How to Calculate Child Support Payments in Mississippi

Learn how to calculate child support in Mississippi, when the amount of support may be different than the standard calculation, and how to apply for, collect, and modify child support.

By , Legal Editor

Unlike many states, Mississippi doesn't provide an official child support calculator. However, it's easy to figure out how much support you'll pay or receive in Mississippi, because the state's child support guidelines use a simple schedule based on parental income and the number of children. Here's how it works, along with exceptions to the basic calculation.

Calculating Child Support With Mississippi's Schedule

Typically, noncustodial parents (those who have physical custody of their children less than half the time) pay child support to the custodial parents. In Mississippi, child support is calculated based on the noncustodial parent's adjusted gross income (AGI). So you'll need to start with that parent's annual gross income from all sources, including:

  • wages
  • self-employment income
  • workers' compensation or disability benefits
  • unemployment benefits
  • interest, dividends, and other investments
  • Social Security and other retirement benefits, and
  • alimony.

Then subtract the following to arrive at AGI:

  • federal, state, and local taxes, including Social Security contributions
  • mandatory retirement and disability contributions, and
  • support for the parent's other children (not those covered by this support order).

Divide the annual adjusted amount by 12, then multiply the monthly AGI by the appropriate percentage, depending on the number of children being supported:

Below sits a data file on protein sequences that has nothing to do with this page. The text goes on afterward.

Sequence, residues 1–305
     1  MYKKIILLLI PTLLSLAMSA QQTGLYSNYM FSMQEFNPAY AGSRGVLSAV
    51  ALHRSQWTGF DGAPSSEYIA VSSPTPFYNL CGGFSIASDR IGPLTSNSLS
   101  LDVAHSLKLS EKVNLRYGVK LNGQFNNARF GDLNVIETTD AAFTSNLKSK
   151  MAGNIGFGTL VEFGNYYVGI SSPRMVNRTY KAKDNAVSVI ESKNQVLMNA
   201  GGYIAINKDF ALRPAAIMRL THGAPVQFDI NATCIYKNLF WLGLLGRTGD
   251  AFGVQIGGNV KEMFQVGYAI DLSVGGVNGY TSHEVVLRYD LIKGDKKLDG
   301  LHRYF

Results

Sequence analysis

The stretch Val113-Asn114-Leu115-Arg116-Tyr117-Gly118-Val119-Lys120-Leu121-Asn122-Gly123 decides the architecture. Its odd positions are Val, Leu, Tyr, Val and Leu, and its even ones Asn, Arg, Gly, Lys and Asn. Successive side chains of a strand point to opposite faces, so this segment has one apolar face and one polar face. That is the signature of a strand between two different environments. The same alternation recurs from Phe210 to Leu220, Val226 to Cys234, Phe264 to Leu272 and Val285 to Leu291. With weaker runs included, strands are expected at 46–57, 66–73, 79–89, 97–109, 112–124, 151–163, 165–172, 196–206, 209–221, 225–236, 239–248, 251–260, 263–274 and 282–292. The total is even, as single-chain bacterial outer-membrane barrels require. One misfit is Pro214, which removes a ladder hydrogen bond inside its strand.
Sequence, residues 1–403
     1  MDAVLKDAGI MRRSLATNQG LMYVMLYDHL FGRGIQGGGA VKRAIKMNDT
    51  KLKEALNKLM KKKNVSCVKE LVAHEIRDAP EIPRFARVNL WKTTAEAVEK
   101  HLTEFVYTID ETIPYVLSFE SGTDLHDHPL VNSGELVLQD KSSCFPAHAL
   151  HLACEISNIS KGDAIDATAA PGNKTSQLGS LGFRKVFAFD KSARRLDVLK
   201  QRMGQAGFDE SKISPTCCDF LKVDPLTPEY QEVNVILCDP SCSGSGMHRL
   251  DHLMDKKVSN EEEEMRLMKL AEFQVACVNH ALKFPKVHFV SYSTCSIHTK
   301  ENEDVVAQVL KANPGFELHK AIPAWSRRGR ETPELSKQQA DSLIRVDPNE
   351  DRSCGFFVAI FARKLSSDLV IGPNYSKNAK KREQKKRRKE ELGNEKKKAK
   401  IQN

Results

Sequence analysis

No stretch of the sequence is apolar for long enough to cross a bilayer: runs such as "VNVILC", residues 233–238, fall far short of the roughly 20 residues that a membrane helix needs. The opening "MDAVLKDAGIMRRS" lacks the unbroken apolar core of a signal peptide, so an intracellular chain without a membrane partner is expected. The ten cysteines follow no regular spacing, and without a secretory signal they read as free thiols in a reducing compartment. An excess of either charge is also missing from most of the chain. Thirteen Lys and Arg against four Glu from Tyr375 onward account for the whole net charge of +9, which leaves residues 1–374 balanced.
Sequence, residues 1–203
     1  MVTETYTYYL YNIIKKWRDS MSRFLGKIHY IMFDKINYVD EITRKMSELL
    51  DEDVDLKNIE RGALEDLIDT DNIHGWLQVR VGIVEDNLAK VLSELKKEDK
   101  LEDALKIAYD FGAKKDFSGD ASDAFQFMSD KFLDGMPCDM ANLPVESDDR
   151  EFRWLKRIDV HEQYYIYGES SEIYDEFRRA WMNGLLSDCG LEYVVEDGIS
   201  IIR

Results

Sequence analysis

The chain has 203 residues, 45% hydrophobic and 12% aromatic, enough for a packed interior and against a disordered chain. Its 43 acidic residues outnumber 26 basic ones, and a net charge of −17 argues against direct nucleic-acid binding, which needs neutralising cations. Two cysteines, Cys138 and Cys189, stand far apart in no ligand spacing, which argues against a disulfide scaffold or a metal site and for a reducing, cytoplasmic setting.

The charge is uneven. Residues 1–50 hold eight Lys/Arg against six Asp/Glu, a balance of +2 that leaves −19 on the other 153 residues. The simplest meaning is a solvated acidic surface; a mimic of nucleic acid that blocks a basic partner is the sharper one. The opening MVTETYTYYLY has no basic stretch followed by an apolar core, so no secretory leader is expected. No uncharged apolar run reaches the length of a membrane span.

• 14% for one child
  • 20% for two children
  • 22% for three children
  • 24% for four children, or
  • 26% for five or more children.

The result of that multiplication will be the amount of monthly child support under the guidelines. (Miss. Code § 43-19-101 (2024).)

For example, if the parents have two children and the noncustodial parent has monthly AGI of $3,000, you would multiply 3,000 by 20% (or .2), for a child support obligation of $600.

Are Online Mississippi Child Support Calculators Accurate?

You can find websites with so-called child support calculators for Mississippi, but there's no guarantee that these calculators are accurate and up-to-date. Mississippi updates its child support guidelines periodically, and you usually can't tell whether any of these other websites have kept up with the latest changes.

Because Mississippi's guidelines are so simple, there's really no reason to use any of these nonofficial child support calculators. You can always check to make sure that all of the percentages and other information we discuss in this article are still current by searching for the appropriate code sections on the Mississippi Law site.

When Child Support May Be Different Than the Guideline Calculation

Mississippi presumes that the amount calculated under the guidelines is appropriate, but you may argue that a different amount would be better in your situation. Whether you and the child's other parent have agreed on a support amount that departs from the guideline or a judge decides for you, the judge will have to find that using the amount calculated under the guidelines would be unjust or inappropriate. When making that decision, the judge will consider the specific circumstances in your case, including: